The Braves are still two years away from beginning their big push to Cooperstown, but two of those likely bound for that 2014 Hall-of-Fame Class – former Braves manager Bobby Cox and pitcher Tom Glavine – gave rave reviews for the newest member of Baseball’s Hall of Fame: Barry Larkin.
The former Reds shortstop appeared on 86 percent of the ballots, well above the 75 percent required by the Baseball Writers Association, earning entrance in his third year eligible. The announcement was made Monday.
Larkin will be inducted July 22 along with the late Cubs third baseman Ron Santo, who was voted in by the “Golden Age” Committee, Frick Award winner broadcaster Tim McCarver and Spink award winner Bob Elliott of the Toronto Sun.
“To me, Barry Larkin was a dream player,’” Cox said in a collection of statements released by the Reds Monday afternoon. “He was an outstanding leader who had great physical skills. When you look at his all-around talent and ability in the field, at the plate and on the bases, he might very well have been one of the top two or three shortstops of all-time. He really has all the credentials you think of when you talk about Hall of Fame players.
“If there had been a draft each year for clubs to build their team from scratch, Barry would have been the first or second pick each year over the course of his career,” Cox continued. “He was just so well-rounded and had all the skills.”
John Smoltz, who played against Larkin from 1988-2004 as a Brave, called him one of the most complete players he ever competed against. Glavine said Larkin was a pioneer at the position.
“He really changed the shortstop position in our generation because he was an all-around player,” Glavine said. “He was really a true five-tool player, with everything he could do to beat you.”
Glavine, Cox, Greg Maddux and Braves executive John Schuerholz are all eligible for the Hall of Fame for the first time in 2014. Both Glavine and Maddux, as 300-game winners, could be first-ballot entrants. Smoltz will be eligible for the first time in 2015.
Larkin, a 12-time All-Star and three-time Gold Glover, won the NL MVP in 1995. He hit .295 with 198 homers, 960 RBIs and 379 stolen bases while playing his entire career with his hometown Reds.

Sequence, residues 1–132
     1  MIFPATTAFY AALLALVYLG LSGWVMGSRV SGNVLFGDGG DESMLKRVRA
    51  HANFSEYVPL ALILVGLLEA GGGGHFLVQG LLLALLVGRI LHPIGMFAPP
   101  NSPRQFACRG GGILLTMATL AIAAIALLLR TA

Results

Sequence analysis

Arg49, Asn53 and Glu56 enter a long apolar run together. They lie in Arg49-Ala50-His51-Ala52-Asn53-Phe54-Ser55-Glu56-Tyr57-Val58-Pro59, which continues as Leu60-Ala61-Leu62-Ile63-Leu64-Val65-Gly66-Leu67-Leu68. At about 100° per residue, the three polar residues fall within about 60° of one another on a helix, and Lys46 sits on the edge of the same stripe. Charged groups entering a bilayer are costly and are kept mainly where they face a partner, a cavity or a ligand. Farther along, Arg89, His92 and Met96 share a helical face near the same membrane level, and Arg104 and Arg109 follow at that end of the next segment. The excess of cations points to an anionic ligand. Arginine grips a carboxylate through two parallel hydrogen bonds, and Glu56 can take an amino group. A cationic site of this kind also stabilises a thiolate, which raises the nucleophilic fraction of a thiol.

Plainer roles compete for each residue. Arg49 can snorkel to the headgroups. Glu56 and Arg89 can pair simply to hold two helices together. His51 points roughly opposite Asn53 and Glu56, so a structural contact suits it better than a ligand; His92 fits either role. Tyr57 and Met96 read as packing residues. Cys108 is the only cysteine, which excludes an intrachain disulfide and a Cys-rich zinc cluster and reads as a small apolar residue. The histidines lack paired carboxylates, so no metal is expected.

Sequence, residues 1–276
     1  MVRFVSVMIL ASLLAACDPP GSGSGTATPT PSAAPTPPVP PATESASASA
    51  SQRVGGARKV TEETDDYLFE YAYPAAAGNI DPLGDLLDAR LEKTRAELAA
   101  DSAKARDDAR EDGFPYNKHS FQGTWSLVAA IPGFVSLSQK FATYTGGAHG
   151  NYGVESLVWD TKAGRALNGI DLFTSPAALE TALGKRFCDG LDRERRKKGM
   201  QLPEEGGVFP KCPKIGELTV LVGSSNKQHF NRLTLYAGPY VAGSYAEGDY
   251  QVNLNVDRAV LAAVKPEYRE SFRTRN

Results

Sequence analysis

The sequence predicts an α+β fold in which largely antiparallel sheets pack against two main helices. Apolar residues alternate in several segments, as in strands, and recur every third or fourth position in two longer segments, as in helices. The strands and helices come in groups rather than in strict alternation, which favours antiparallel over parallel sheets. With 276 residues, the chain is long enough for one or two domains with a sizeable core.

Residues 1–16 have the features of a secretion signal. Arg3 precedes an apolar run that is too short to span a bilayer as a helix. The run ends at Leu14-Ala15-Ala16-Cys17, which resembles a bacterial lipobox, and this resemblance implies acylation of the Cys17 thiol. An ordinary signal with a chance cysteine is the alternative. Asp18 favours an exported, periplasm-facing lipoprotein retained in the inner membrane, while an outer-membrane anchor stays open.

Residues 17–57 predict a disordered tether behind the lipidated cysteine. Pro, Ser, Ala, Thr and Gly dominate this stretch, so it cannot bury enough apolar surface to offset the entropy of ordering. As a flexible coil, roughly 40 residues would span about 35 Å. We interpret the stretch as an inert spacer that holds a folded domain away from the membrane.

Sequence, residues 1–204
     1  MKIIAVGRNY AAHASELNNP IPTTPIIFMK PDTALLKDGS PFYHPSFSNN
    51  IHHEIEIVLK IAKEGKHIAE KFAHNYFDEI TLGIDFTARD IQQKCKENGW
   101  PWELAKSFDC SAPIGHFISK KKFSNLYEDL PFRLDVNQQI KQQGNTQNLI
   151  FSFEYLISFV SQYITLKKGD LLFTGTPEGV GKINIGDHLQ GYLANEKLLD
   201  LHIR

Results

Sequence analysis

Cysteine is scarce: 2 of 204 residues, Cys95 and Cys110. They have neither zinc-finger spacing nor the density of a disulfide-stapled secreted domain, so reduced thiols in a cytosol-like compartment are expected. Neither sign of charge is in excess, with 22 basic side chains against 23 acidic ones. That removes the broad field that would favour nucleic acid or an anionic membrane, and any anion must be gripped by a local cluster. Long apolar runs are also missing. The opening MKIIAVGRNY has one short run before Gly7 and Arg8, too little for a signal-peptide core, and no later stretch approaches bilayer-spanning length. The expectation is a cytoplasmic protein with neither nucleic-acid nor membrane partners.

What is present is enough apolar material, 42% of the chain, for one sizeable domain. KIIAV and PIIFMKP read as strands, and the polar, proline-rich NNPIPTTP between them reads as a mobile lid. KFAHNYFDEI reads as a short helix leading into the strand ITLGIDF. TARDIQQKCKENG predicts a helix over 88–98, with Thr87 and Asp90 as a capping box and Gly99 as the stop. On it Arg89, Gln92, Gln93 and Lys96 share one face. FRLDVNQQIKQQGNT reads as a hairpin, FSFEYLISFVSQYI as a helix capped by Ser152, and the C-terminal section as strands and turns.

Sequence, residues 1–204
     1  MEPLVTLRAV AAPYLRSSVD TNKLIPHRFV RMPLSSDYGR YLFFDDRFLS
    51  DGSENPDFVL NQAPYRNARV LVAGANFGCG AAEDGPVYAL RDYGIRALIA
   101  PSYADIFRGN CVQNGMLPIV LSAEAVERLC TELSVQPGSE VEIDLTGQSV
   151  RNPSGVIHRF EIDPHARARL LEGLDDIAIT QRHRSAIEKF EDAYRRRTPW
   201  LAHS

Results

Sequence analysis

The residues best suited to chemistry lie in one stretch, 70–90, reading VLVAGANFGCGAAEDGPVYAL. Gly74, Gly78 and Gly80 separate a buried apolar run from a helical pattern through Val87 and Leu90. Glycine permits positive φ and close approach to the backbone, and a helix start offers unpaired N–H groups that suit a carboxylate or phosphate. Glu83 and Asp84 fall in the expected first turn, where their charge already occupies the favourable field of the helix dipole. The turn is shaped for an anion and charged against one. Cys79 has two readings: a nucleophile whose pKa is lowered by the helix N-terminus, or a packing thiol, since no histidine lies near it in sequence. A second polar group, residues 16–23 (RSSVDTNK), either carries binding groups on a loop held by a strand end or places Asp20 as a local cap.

Larkin’s appearance on 495 of a possible 573 ballots represented a 24.3 percent jump from 2011, the largest increase in one year since 1948. That might give some confidence to former Brave Fred McGriff, who like Dale Murphy, garnered enough votes to stay on the ballot but not nearly enough for induction. McGriff appeared on 23.9 percent of the ballots, up from 17.9 a year ago, while Murphy appeared on only 14.5 percent.
“You feel bad for those guys,” Chipper Jones said Monday. “They were icons of your organization, teammates. It’s really shocking to me that Murphy hasn’t gotten in yet because there for quite a while in the ‘80s, he was the premier player….It was tooth and nail between him and (Mike) Schmidt for a long time for MVP and home run races.”
Murphy has only one year remaining on the writers’ ballot, then his fate will be up to the Veterans Committee, which is now subdivided into the Pre-Integration, Golden and Expansion Era Committees.
Four former Braves eligible for the first time did not receive enough votes to remain on the ballot – Javy Lopez, Brian Jordan, Vinny Castilla and Terry Mulholland.
Larkin made a point to credit Georgia Tech coach Danny Hall, who coached Larkin as an assistant at the University of Michigan, when he was asked to name some of the biggest influences on his career during Monday’s teleconference.
“I remember drawing an imaginary line down the middle of your body and catching the ball in the left side, the glove side of the imaginary line from Danny Hall,” said Larkin, who credited his Michigan coaches with helping him with the fundamentals as well as the mental side of the game.